Ben Hicks won the job leaving camp and started the first two games of the season. In those outings, he completed just 46.7 percent of his passes with a 5.3 yards per attempt average. He’s a game manager who plays it very safe and it was obvious he wasn’t the long-term answer. Therefore, Arkansas turned to Starkel the next week.
The big armed righty started the next three games and put up some pretty big numbers. The transfer isn’t afraid to let it rip shown by 7.8 yards per attempt average and seven interceptions in just 131 passes. The offense moved much better with Starkel in the lineup, but ball security is a major issue.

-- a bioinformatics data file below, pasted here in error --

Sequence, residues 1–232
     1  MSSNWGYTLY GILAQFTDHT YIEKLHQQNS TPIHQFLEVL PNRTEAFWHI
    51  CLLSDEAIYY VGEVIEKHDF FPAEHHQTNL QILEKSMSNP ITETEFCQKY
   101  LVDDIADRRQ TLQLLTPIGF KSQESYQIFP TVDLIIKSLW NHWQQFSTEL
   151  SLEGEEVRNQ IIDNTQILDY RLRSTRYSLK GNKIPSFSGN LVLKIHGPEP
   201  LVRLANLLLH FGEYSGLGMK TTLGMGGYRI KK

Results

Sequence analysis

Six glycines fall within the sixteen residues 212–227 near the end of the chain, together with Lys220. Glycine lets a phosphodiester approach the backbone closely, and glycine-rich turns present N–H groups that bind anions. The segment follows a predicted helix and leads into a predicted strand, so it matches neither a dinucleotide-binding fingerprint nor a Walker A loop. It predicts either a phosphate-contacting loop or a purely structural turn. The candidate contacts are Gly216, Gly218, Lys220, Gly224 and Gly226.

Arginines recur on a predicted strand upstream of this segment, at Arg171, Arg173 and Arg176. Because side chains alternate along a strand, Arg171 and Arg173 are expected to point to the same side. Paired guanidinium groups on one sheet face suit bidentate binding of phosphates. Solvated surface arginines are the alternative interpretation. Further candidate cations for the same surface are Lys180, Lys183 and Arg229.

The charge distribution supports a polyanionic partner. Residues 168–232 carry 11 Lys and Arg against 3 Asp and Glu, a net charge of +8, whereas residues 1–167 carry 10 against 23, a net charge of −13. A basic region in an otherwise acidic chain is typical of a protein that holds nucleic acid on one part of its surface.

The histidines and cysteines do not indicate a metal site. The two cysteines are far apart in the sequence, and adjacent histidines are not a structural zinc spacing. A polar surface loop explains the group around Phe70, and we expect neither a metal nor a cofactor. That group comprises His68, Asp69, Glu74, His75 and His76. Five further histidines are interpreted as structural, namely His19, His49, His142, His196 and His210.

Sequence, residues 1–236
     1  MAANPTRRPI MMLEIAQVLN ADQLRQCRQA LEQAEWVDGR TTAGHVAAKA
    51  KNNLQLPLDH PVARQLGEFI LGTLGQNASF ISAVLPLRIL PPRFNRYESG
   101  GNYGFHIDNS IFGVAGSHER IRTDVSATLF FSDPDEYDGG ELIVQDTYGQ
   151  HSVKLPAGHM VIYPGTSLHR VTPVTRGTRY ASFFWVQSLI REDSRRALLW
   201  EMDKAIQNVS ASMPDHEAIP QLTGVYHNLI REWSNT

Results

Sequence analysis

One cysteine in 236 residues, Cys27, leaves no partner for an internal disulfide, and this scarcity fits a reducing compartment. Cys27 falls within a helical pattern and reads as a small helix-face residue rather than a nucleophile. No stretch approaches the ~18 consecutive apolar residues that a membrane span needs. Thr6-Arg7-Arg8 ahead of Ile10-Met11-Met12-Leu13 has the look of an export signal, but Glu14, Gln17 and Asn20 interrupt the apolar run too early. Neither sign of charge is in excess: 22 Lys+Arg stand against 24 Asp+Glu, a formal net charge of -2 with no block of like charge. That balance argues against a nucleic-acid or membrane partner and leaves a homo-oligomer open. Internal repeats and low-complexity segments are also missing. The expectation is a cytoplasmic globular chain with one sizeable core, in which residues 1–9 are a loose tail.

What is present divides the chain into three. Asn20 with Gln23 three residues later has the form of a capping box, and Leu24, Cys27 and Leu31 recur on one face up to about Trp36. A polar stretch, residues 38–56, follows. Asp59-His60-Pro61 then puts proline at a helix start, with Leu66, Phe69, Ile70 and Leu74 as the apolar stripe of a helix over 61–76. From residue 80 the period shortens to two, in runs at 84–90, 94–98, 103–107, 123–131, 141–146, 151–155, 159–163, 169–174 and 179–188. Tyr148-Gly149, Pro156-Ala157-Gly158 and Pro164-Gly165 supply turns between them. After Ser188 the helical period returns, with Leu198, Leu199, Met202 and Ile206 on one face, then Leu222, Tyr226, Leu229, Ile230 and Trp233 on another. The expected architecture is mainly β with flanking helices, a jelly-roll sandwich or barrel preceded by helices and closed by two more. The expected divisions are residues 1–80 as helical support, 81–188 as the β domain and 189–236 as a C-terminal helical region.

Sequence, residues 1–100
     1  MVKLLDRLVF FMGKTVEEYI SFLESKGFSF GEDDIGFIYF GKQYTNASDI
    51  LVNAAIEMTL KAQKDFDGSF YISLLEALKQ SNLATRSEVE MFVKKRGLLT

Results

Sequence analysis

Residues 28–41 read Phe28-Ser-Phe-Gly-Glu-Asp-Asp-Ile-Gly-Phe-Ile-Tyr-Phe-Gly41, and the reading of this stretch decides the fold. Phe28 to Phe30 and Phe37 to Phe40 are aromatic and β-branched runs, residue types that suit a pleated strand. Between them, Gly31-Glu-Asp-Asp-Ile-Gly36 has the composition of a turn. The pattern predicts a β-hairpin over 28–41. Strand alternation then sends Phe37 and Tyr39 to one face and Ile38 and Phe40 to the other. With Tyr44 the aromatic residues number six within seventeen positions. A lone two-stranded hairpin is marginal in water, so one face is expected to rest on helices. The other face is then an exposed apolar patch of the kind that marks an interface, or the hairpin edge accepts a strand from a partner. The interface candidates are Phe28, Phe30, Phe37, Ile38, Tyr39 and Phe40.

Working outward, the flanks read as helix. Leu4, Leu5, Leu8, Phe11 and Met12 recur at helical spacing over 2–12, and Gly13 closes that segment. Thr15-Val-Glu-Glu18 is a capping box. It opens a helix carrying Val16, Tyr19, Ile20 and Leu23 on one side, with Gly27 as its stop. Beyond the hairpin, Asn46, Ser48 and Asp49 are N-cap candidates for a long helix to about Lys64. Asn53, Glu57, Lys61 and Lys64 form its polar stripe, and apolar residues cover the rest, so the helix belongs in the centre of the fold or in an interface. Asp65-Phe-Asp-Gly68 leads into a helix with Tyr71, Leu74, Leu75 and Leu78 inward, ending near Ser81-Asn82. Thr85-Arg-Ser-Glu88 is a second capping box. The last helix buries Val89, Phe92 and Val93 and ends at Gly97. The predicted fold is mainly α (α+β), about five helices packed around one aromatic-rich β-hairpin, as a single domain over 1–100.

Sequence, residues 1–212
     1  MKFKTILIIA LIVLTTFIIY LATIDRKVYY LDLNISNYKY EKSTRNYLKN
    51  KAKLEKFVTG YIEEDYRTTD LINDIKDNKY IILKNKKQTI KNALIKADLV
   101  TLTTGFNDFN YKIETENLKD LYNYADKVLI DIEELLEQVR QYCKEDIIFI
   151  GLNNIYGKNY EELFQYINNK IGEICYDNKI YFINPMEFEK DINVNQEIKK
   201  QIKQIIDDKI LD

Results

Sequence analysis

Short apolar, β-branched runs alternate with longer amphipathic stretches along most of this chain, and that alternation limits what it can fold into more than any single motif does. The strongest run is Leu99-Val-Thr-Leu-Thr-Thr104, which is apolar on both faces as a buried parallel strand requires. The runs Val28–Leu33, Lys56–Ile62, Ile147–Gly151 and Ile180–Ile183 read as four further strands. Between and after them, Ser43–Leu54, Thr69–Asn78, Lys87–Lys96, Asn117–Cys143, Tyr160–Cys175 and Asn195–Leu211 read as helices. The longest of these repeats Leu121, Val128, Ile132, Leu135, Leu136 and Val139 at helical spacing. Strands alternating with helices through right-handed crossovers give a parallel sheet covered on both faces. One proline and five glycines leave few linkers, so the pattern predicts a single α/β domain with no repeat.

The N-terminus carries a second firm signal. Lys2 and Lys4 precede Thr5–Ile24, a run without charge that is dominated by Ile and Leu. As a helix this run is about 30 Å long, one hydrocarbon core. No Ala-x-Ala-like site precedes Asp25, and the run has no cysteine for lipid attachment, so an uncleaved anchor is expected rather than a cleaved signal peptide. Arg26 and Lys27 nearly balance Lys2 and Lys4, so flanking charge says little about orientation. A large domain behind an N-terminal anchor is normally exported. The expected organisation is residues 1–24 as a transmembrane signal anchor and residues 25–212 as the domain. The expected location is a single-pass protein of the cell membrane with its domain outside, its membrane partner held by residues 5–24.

In the close loss to Texas A&M, Starkel was lost due to an elbow injury that occurred while trying to make a tackle after a red zone interception. Hicks stepped in and played his best game of the season. This week, Chad Morris states that Nick Starkel is good to go, but was vague about who the starter would be. There’s a lot of gamesmanship going on.
The offense’s biggest weakness through five games has been in the red zone. Arkansas ranks 126th in red zone efficiency and 120th in red zone touchdown rate. Kentucky could have an advantage when the Hogs get into scoring territory.
Back in 1995, Phillip Fulmer promoted John Chavis to defensive coordinator at Tennessee. The Vols won a national title three years later and the man they call Chief has called defenses for a quarter-century in the SEC. Tennessee, LSU, Texas A&M, and Arkansas have all employed Chavis, but lately his units have had some issues.